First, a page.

A new paper published in the Zoological Journal of the Linnean Society has identified and named 15 new species of spider in the Caribbean. Given the vernacular names “smiley faced” spiders due to the distinctive markings on their backs, the new species have been given names including S. davidattenboroughi, S. barackobamai, and S.leonardodicaprioi.
Although the Caribbean region is recognized as a hotspot for biodiversity, many species remain understudied. The “smiley faced” spider is a key example of this. Despite having profuse variation in its distinct colour patterns it was, until recently, thought to be one species with extensive variation. However, the first molecular study of ‘smiley faced’ spiders has revealed that there are many more species within the genus, of which 15 are described in the paper.
The discovery of these new species not only changes our estimates of biodiversity, but has a big impact for conservation biology. Each species now requires elevation of its conservation status and, as each new species of “smiley face” spiders has its own unique “smile,” the newly distinguished variation may become a source of local pride. (Researchers collected specimens from Cuba, the Dominican Republic, Puerto Rico, Jamaica, the Lesser Antilles, Florida, South Carolina, Costa Rica, Mexico, and Colombia.)
Alongside titles honouring family members and pets of the paper’s authors, many species are named after notable figures. Some of the most recognisable names include:
In honour of former President Barack Obama the authors of the paper named this species to honour “the dignity, humanitarianism, statesmanship, and respect” they considered Obama to have brought to the oval office.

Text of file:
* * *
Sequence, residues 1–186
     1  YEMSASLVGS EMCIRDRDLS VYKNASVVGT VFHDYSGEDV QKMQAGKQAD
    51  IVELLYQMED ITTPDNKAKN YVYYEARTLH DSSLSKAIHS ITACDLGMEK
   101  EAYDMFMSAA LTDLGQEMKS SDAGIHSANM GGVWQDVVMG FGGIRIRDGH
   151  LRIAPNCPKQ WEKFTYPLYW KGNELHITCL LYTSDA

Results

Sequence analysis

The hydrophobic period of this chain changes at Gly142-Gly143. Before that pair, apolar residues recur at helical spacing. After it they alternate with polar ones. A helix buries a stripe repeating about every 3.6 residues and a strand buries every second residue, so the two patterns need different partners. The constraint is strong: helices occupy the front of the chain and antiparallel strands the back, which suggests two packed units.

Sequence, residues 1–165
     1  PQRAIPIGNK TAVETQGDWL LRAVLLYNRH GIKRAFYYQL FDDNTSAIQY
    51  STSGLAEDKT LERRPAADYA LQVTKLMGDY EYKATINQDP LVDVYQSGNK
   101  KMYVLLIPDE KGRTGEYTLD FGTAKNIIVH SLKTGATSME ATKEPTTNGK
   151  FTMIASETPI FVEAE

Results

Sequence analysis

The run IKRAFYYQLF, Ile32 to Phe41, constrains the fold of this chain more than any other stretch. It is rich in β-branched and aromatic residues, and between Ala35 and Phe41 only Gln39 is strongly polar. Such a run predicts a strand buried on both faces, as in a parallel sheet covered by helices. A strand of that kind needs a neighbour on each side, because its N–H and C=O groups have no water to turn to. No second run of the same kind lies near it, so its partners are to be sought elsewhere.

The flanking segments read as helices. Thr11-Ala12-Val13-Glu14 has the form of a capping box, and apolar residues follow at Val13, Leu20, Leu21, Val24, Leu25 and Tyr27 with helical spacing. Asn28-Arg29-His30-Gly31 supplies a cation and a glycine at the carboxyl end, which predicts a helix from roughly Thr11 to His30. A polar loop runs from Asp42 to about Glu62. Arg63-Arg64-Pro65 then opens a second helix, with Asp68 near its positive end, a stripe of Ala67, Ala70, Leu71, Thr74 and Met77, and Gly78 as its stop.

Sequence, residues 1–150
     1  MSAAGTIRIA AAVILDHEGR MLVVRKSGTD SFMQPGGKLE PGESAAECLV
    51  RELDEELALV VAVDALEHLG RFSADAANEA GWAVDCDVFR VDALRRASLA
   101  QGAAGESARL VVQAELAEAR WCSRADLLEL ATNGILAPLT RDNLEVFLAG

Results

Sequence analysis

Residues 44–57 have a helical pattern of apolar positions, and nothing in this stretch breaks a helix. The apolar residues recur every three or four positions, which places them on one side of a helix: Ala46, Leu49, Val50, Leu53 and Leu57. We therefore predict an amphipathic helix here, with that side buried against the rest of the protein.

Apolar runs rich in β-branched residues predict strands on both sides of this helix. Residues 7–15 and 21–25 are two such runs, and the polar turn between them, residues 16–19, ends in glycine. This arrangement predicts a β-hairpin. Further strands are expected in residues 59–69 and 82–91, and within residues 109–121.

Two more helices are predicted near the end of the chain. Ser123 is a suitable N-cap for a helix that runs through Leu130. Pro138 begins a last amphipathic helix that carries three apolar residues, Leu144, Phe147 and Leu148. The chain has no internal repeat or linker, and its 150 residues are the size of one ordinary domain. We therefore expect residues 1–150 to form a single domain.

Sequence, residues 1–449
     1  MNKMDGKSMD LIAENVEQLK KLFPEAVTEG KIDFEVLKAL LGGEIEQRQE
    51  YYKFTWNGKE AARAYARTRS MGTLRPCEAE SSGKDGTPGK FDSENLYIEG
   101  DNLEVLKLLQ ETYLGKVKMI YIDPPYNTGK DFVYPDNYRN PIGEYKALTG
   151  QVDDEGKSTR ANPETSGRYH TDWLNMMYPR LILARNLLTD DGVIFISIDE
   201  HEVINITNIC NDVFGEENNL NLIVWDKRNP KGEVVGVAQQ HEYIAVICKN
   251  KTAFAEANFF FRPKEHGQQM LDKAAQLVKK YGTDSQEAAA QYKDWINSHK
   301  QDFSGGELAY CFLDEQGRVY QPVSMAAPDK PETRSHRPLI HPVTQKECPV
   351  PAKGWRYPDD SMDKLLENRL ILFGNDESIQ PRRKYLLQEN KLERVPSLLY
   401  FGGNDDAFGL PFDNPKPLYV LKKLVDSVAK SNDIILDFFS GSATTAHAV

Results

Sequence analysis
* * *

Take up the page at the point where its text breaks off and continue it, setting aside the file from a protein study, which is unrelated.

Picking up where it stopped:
Named for former presidential candidate and U.S. Senator from Vermont Bernie Sanders, this species was named to honour a politician the paper characterizes as “a tireless fighter for human rights and equality, and environmentally aware social democracy.”
Named after the naturalist and broadcaster Sir David Attenborough, this species was titled to honour his “extraordinary effort to enlighten the public about the wonders of the natural world, to make humanity care about nature, and for inspiring countless people to pursue the study of biology.”
The article authors named this species to honour “the great artist David Bowie who passed away prematurely in 2016, but whose music will continue to inspire the generations to come.”
This species is named in tribute to the actor Leonardo DiCaprio for his “amazing acting, and, in particular, for his leading role in bringing awareness of the perils of global climate change to the public and politicians.”
The authors of the paper named this species in honour of Michelle Obama, “who has long fought to defend human rights, fairness, and equality for all, with her characteristic dignity and grace.”
“This was an undergraduate research project,” says Ingi Agnarsson, associate professor and curator of invertebrate collections in the department of biology at the University of Vermont, who led the new study. “In naming these spiders, the students and I wanted to honor people who stood up for both human rights and warned about climate change–leaders and artists who promoted sensible approaches for a better world.”
The paper “A radiation of the ornate Caribbean ‘smiley-faced spiders’, with descriptions of 15 new species (Araneae, Theridiidae, Spintharus)” is available at: https://academic.oup.com/zoolinnean/article/doi/10.1093/zoolinnean/zlx056/4222834/A-radiation-of-the-ornate-Caribbean-smiley-faced